Commissioning was scheduled to take place from November 14th to the Christmas break. Unfortunately on November 26 the transformer of the source failed which will need a repair of four weeks and therefor the commissioning will continue only in February 2017 still without the electron cooler, which will be installed and tested depending on what has been achieved and on the availability of the device sometime in spring 2017. It should culminate in spring time 2017 with H- or p beams delivered to new experiment Gbar and somewhat later in 2017 with antiproton operation for this experiment, in parallel with continuous improvements of the commissioning conditions. In 2018 ELENA will serve exclusively Gbar whereas the other experiments will get their antiprotons still from the AD,  the time consuming procedure for dismounting the present magnetic beam lines and installing new electrostatic beam lines to the existing experiments (see Figure 5) will be done during the long shut down (LS2) lasting from 2019 to 2020. Thus the sole operation of ELENA for all experiments will start most likely in 2021. ELENA will then be able to deliver beams almost simultaneously to all experiments (within one cycle up to four experiments) resulting in an important gain in total beam time for each collaboration.

Figure 5: ELENA and the beam lines to the different experiments in the AD Hall. (Image Credit@CERN

Very visible to visitors at CERN is the construction of the new building 393. This “Antimatter Factory” hall hosts the kickers for the AD operation which had to be moved out of the AD hall in order to make place for the ELENA ring itself. In addition, it houses storage places for the experiments and a rather small workshop for fast repairs for the experiments when needed. Figure 6 depicts the outside view and a look inside.

Figure 6: Outside and inside the new building 393 – the Antimatter Factory – housing the kickers and storage place for the experiments. (Image Credit@CERN

In summary, the ELENA is an upgrade of the Antiproton Decelerator (AD) at CERN and is devoted to experiments for physics using low energy antiprotons.

Figure 7 (prepared by Stefan Ulmer for the workshop “Physics Beyond Colliders”, CERN September 2016) conglomerates the possibilities of fundamental physic in the low energy regime of high precision experiments and gives at the upper right and left corner the logos of the six collaborations working or being just installed at the AD/ELENA complex.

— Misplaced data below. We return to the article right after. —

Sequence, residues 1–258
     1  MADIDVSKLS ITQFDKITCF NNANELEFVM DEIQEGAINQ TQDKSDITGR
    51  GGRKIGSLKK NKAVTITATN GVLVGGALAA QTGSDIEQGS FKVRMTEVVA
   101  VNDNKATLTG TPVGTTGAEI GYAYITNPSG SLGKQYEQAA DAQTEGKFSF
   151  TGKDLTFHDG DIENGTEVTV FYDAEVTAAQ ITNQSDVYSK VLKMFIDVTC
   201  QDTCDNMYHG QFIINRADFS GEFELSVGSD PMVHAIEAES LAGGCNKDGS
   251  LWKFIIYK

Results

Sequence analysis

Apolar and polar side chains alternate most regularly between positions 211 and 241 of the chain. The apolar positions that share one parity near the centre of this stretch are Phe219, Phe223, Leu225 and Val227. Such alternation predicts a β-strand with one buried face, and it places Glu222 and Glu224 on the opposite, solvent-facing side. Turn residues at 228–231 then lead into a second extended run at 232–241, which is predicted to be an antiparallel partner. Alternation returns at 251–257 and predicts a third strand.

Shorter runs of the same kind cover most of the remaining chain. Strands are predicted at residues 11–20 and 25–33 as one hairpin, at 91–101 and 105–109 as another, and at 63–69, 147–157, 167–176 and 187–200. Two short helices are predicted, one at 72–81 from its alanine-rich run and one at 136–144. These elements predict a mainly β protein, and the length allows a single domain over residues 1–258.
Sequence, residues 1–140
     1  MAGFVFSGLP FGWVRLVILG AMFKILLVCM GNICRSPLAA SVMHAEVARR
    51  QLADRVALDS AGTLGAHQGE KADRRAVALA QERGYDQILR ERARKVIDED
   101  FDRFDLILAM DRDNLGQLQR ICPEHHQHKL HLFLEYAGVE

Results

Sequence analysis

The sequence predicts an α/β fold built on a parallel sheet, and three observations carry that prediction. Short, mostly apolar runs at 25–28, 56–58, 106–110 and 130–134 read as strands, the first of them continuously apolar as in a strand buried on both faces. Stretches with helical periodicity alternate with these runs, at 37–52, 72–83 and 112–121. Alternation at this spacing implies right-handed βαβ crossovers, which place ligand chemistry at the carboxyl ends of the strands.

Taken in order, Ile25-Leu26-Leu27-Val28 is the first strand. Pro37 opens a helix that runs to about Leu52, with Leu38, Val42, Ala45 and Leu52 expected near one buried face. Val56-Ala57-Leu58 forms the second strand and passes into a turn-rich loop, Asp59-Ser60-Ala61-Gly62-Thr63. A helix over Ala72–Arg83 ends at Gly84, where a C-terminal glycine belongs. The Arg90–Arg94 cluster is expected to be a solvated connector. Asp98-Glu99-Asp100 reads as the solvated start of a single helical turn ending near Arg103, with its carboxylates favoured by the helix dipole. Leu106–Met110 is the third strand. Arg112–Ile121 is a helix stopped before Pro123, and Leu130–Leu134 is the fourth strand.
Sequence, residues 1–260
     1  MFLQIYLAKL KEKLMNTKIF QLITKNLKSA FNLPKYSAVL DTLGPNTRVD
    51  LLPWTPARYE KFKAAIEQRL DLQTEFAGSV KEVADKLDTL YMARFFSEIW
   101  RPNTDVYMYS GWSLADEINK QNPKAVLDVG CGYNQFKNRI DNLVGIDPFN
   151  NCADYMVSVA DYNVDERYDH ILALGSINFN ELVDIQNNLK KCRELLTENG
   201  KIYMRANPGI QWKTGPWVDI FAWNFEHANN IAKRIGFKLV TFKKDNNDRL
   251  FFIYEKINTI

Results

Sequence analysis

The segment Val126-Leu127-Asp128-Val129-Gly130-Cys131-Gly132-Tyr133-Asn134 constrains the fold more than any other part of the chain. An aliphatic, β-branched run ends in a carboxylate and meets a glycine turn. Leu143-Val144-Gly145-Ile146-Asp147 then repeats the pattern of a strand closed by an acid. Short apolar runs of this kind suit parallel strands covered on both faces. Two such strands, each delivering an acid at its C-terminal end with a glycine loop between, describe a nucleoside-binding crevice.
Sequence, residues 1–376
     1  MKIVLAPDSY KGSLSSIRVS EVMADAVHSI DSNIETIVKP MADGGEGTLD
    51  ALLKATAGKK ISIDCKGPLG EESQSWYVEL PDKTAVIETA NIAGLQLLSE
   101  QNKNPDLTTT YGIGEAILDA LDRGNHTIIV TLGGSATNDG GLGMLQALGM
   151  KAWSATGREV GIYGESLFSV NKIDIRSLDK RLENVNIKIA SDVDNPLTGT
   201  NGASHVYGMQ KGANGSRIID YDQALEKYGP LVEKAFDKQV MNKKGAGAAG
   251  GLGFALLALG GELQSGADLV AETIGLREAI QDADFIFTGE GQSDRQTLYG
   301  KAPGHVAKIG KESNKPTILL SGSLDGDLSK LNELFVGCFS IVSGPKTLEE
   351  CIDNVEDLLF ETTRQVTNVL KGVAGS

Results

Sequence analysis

The six experiments are named: ATRAP, ALPHA, ASACUSA, AEgIS, Gbar and BASE. Their specific properties and features can be found in CERN’s Grey Book. For instance the experiment BASE approved in 2013, reported in 2015 an improved high precision comparison of the charge/mass ratio for the antiproton-proton system with a fractional precision of 69 parts in a trillion. Moreover the collaboration has invented a novel reservoir trap technique and demonstrated very recently trapping of antiprotons for more than 1 year. Happy birthday to these exotic antiparticles!

Once low energy antiprotons are available  - as provided now at the AD and even lower by ELENA in the future -  they might be used either as free particles for studying the fundamental properties as charge/mass ratios and magnetic moment or investigated in bound systems, as outlined in Figure 7.

Figure 7: Possibilities of fundamental research with low energy antiprotons. (Image Credit@CERN

Bound states are:

i) a normal matter atom (e.g. He) with a bound antiproton replacing an electron e.g.  

   antiprotonic helium,

ii) the exotic antihydrogen atom with an antiproton core surrounded by a positron


iii) antihydrogen ions.

In all these cases high precision measurements in the spectroscopic and the gravitational sector investigate fundamental properties and exact interactions eventually in comparison to normal matter.  Thus we might understand why there is much more matter rather than antimatter. With ELENA there is a brilliant future to come for basic antimatter-physics to be studied.